The Blackbody is unlike any other filter or conditioner. All power filters and conditioners address noise found on wires, but there’s another type of noise altogether. Until now, this inconspicuous type of noise has been largely unacknowledged. It is caused by constant electromagnetic interaction between gear and immediately surrounding objects: stands, racks, nearby signal wiring, enclosures, and other objects containing circuitry or not. This type of radiated noise is not confined to wires. The Blackbody works by absorbing these reflections, effectively solving the problem. Being the only conditioner of its kind, it offers a level of performance previously unattainable.
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Until recently, the audiophile community has underestimated the relevance of near field electromagnetic (EM) interaction to audio reproduction quality, specifically to the coloration of sound. While audiophiles generally agree that objects like racks, stands, and footers influence sound quality, it is also widely believed that this influence is only vibrational (mechanical) in nature. According to our own research, a significant source of that coloration is actually not physical in nature, and is due instead to near field EM interaction. After we explain what kind of tests we carried out which led to this conclusion, we’ll go on to postulate that indeed any object in the vicinity of your gear’s circuitry influences the resulting sound quality to some degree, even without making physical contact with it. We’ll then segue into the basics of electromagnetic radiation and how this relates to high end audio. By that point, the problem of EM interaction will be obvious and we’ll then explain what makes the Blackbody a uniquely effective and elegant solution—one that offers audiophiles a new level of accuracy in audio reproduction.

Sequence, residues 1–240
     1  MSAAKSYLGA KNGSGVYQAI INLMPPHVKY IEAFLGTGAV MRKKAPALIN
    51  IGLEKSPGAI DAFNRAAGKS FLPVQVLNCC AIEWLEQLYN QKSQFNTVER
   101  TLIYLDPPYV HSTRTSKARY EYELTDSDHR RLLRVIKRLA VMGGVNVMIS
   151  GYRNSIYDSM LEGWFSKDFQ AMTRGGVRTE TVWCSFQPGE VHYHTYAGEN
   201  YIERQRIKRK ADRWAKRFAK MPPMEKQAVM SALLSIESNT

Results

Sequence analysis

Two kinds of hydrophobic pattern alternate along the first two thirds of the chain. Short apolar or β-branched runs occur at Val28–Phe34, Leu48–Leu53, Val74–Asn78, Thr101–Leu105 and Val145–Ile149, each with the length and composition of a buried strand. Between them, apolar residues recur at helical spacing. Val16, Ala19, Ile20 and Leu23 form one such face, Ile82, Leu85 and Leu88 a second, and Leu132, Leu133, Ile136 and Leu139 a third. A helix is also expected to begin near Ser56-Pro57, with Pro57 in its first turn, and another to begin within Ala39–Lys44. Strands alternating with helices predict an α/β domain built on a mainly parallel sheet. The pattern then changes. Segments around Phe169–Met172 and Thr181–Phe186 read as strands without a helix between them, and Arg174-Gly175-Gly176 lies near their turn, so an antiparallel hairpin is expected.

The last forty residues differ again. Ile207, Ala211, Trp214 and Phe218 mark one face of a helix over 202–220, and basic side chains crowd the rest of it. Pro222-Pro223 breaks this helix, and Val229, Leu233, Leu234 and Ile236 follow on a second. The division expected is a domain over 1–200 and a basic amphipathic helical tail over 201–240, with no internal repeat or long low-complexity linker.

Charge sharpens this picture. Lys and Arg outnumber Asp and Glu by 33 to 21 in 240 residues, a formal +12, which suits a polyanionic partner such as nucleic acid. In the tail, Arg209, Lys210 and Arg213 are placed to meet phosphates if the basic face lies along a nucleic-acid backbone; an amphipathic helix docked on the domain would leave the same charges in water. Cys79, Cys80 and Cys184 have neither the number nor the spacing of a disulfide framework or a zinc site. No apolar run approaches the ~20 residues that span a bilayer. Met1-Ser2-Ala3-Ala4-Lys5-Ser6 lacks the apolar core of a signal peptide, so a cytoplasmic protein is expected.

Nearby objects and sound coloration: what’s the connection?
How can it be that physical objects, just by being in proximity to your gear’s circuitry, influence audio reproduction? How can the mere presence of a component’s lid, footers, or stand and the like, audibly color the sound—especially if it never touches the circuitry?
The standard audiophile answer:
To find the link between your circuitry and nearby objects causing sound coloration, an obvious place to start looking would be the influence of speaker vibration. First, through airborne sonic vibration (sound pressure levels in the air produced by moving speaker cones cause nearby objects to resonate like a microphone), as well as structurally coupled vibration through the floor (when your speakers play, their movement also transmits vibrations directly through the walls of the speaker cabinet, through the floor, into your rack, and from there to your components and their circuitry). In both cases, your gear is influenced by speaker vibration that permeates sensitive operating circuitry, creating unwanted microphonic signals there. These parasitic signals are then amplified and degrade the resulting sound quality in an acoustical way from speaker to electronics and back again through the speaker.
Naturally, then, we do all we can to deal with these physical vibrations, hopefully without at the same time introducing objects that degrade audio fidelity in some other way.
Myriad solutions now exist to influence acoustic interaction. The embarrassing thing is, when listening through headphones, they’re just as effective. This makes one wonder: is it really just acoustic interaction?
Something we audiophiles have been missing: